Mitiana Arbon reflects on the future of Samoan community resilience to cyclones through the traditional architectural style of the fale.
While Samoans repair the damages wrought by Cyclone Amos that struck on Saturday night, many are grateful that its intensity and destruction were less than expected. The widespread devastation left by Cyclone Winston in Fiji – the southern hemisphere’s most violent cyclone to date – has been an important reminder to Pacific Island states of the importance of natural disaster preparedness.
With predictions from the Pacific Climate Change Science Program expecting a cyclone wind speed increase of 11 percent, and rainfall intensity of 20 percent, the time is right to start planning for future disasters. For centuries Samoan villages had harmonised the architecture of the Samoan fale appropriately with the local environment rendering it adaptable to extreme weather events. However, widespread socio-cultural trends of building western style housing have resulted in increasing vulnerability to cyclones.
Although Samoa avoided the direct impact of Cyclone Winston, the 2012 Cyclone Evan devastated Samoa, destroying over 600 homes and killing 14 people. The total economic damage caused by Cyclone Evan was estimated to be equivalent to approximately 30% of the country’s GDP. According to a recent UNESCO report, one of Samoa’s best answers to extreme weather lies within the reincorporation of traditional methods back into contemporary vernacular architecture.
The Samoan fale epitomises the architectural traditions of the islands with the term – fale – actually refering to a range of housing types, charachterised by an oval shape, a domed roof and supported by open pillars. Bounded together in the past by plaited rope from coconut fiber, this has been replaced mostly through the use of nails with corrugated roofs replacing traditional thatching.
Open walled, the fale allows for strong winds to pass through, both cooling the space and reducing humidity. Privacy was achieved through Venetian style woven blinds. The use of coconut fiber rope lashings on the pillars and roof allowed the building to bend and flex under pressure without breaking. In the event of the structure failing, replacement materials are readily available and sustainable, with collapsing structures resulting in minimal injury compared to western style dwellings.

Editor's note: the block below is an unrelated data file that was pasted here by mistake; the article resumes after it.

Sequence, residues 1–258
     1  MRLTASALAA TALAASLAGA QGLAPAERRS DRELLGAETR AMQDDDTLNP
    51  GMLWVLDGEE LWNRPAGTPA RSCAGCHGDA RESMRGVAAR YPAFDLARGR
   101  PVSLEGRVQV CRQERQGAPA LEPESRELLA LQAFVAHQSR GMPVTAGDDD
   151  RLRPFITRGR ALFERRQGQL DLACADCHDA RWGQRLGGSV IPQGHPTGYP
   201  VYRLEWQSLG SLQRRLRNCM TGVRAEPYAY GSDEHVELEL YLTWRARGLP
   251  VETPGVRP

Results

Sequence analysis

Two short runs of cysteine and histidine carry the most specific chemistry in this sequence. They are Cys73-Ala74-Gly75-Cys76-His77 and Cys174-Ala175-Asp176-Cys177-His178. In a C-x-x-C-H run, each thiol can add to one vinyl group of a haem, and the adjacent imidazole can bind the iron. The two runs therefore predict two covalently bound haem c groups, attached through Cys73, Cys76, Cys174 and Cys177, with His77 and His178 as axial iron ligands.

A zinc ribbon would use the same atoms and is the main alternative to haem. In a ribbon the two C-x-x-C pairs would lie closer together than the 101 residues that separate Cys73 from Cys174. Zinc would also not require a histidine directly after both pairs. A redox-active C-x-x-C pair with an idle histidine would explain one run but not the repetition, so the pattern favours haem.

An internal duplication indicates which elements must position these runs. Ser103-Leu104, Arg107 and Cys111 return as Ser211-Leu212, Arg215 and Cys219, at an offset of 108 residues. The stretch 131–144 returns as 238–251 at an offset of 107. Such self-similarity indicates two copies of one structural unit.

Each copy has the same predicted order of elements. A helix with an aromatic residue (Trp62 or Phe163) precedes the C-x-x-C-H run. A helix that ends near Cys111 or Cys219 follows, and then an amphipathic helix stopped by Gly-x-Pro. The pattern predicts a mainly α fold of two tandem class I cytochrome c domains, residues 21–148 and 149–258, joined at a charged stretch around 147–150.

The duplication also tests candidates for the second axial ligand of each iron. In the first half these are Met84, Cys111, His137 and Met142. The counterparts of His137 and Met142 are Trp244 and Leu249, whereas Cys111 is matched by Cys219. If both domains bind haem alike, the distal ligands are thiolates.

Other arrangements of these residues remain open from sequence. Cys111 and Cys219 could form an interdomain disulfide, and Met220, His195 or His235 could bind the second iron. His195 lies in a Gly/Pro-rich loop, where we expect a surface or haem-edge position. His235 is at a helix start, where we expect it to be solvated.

Today, only a third of Samoan buildings continue to retain traditional construction styles. The village landscape of Samoa is increasingly dominated by modern variations on traditional styles, incorporating concrete in exchange for wood, often building on solid bessa brick houses to the back of a modern style concrete fale. These Western style houses are not adapted for extreme tropical weather events. Strong cyclonic winds when met with a vertical brick wall move upwards lifting off the roofs of houses by their eaves, and tearing at the rafters. Torn corrugated iron from roofs are more likely to kill or seriously injure occupants than the softer thatching of the fale.
When Cyclone Evan hit Samoa, it caused over $17.8 million in damage to houses alone; the majority of these being of Western style with roofs being the most commonly damage. Additional recovery and reconstruction costs are thought to have amounted to $20.4 million. Following Cyclone Evan, the Post-Disaster Needs Assessment recommended the enhancement of resilience of communities by reinvigorating the positive features of traditional buildings in Samoa.
Despite the benefits of the Samoan fale, western-style housing dominates the cultural landscape of the islands. This adoption of western-style housing does not represent an evolution of housing based on pragmatic or enviromental changes in the islands. The Samoan fale has much to offer in terms of sustainability and climate resistance that has been embodied within its design. Encouraging these Samoan indigenous practices of building and planning as represented in the Samoan fale could be key to creating more disaster resilient communities of the future – communities which are able to recover more quickly from severe weather events.